Following West Fargo officer's heart attack, Burgum signs bill expanding coverage for cops, firefighters

Both chambers of the North Dakota Legislature unanimously approved House Bill 1279, which expands workers’ compensation coverage for full-time firefighters and police officers.

West Fargo Police Chief Denis Otterness speaks at a bill signing on Monday, Feb. 6, 2023. West Fargo Police Officer Tim Brown, who recovered from a heart attack suffered in 2021, stands behind Otterness.
Jeremy Turley / Forum News Service

BISMARCK — When West Fargo Police Officer Tim Brown suffered a heart attack on duty, the community rallied around him, but a state-run workers' compensation agency couldn't cover him during the recovery process.

After working several years as a cop in Memphis, Brown joined the force in West Fargo at the beginning of 2021. The heart attack came while booking two women into the Cass County Jail in October of that year. The officer, then 29, was flown to Omaha for specialized care while in critical condition.

An online fundraiser amassed nearly $25,000 for Brown and his family, but North Dakota Workforce Safety and Insurance, or WSI, didn't extend workers' compensation to the officer. He hadn't worked in the state long enough to qualify for the benefits.

Under the existing law, police officers and firefighters must have served five years in North Dakota before it is presumed their injury is a result of their work.

A bipartisan group of Fargo-area lawmakers led by Republican Rep. Shannon Roers Jones saw Brown's case as a hole in WSI's coverage of first responders that needed to be addressed through legislation. The remedy came together even faster than she expected.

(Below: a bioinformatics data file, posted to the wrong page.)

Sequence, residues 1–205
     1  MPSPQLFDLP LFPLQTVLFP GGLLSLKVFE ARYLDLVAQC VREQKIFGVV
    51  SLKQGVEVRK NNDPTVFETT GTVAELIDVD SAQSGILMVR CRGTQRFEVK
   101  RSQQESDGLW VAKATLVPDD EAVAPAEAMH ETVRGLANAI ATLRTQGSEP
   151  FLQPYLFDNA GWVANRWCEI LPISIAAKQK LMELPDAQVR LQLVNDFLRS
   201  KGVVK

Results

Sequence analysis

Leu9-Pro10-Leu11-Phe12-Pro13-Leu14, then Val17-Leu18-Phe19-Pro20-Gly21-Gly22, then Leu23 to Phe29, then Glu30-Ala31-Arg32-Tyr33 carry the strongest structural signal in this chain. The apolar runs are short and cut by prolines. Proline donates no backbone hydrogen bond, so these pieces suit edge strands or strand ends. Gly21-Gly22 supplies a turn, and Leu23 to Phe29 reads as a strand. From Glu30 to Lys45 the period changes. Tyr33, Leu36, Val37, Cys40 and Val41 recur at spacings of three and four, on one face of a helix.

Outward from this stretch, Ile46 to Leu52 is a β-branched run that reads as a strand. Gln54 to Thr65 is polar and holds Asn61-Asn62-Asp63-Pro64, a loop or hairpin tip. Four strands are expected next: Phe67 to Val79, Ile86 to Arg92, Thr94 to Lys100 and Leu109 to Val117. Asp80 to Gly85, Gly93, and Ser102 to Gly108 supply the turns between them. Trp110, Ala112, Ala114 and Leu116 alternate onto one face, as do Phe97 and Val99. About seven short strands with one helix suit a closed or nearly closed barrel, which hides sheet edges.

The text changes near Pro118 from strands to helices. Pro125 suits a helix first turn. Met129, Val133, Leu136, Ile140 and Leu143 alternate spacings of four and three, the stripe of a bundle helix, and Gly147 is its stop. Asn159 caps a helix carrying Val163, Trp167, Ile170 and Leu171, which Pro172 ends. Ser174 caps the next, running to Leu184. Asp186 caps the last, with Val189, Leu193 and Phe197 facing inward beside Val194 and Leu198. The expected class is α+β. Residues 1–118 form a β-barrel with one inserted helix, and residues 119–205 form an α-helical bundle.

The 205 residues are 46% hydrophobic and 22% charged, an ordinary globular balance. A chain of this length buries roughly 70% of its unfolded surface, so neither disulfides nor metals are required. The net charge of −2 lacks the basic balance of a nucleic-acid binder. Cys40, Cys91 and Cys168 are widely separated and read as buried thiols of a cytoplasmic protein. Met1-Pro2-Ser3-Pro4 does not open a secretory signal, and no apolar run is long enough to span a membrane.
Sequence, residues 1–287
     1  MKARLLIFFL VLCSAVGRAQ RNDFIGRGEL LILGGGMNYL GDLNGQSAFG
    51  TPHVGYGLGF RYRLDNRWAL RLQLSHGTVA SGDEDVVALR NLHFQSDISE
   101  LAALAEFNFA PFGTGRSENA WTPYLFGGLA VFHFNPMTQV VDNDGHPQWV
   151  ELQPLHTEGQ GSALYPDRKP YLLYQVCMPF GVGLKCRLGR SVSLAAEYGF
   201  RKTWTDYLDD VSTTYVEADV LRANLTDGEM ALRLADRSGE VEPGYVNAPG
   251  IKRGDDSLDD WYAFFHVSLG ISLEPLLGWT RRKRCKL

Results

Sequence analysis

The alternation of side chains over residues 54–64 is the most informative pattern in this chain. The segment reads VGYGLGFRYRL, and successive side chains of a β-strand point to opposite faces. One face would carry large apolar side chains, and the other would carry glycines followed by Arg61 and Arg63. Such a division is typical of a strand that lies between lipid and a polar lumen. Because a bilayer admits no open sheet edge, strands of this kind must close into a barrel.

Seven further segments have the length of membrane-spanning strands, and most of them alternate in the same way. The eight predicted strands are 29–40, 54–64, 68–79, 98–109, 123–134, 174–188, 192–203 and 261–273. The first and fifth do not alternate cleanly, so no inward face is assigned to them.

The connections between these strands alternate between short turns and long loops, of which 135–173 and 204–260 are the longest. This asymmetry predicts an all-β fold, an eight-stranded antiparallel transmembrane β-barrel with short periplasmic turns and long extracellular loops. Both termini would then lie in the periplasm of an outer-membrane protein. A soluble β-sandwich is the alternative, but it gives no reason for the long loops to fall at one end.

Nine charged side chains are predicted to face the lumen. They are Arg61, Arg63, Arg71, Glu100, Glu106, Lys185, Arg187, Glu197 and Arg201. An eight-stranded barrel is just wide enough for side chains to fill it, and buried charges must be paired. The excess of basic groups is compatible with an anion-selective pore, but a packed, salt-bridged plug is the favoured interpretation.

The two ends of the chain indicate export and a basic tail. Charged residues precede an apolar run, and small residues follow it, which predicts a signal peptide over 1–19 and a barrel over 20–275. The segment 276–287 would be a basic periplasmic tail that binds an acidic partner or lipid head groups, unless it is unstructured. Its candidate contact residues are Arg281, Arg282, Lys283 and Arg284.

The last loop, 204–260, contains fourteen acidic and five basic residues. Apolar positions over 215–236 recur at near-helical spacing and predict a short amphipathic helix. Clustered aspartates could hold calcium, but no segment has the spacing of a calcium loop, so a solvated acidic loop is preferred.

Both chambers of the North Dakota Legislature unanimously approved House Bill 1279, which expands workers’ compensation coverage for full-time firefighters and police officers. Gov. Doug Burgum signed the proposal into law on Monday, Feb. 6.

The legislation provides workers’ compensation coverage to full-time police and firefighters who suffer heart attacks, strokes or other "cardiac events" within 48 hours of engaging in a strenuous job-related activity. The bill also counts police and firefighting service in other states toward the five-year requirement.

A clause in the bill means it will retroactively apply to Brown and two firefighters who were denied coverage because they had not served enough years in North Dakota.

Burgum said the legislation sends out a message that North Dakota takes care of those charged with protecting the public.

"We’re grateful to the Legislature for its decisive action on this bill, which will provide the coverage these officers and firefighters deserve while helping to address our workforce challenges and ensure our police and fire departments are fully staffed to keep the public safe," he said.

Brown sat beside Burgum as the governor signed his name to the bill on Monday. Burgum gave his pen to the uniformed officer after the ceremony.

West Fargo Police Chief Denis Otterness acknowledged lawmakers and the governor for fast-tracking the legislation.

“At the end of the day, it’s about everybody behind me here, all the police officers, firefighters that do go out every day to put their life in jeopardy to serve everybody else, and certainly Officer Brown and the struggle that his family has been through. We have been beside them the entire time,” Otterness said at the bill-signing ceremony. “Just a heartfelt thanks to everybody that really put this on the front burner and got things done.”

Jeremy Turley is a Bismarck-based reporter for Forum News Service, which provides news coverage to publications owned by Forum Communications Company.
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